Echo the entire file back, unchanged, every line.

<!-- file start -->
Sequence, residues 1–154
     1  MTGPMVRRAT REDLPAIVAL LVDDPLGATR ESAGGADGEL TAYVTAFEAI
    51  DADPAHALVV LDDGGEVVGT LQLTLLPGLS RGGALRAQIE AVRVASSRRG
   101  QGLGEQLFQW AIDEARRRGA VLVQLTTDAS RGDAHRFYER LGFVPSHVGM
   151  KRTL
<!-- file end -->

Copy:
Sequence, residues 1–154
     1  MTGPMVRRAT REDLPAIVAL LVDDPLGATR ESAGGADGEL TAYVTAFEAI
    51  DADPAHALVV LDDGGEVVGT LQLTLLPGLS RGGALRAQIE AVRVASSRRG
   101  QGLGEQLFQW AIDEARRRGA VLVQLTTDAS RGDAHRFYER LGFVPSHVGM
   151  KRTL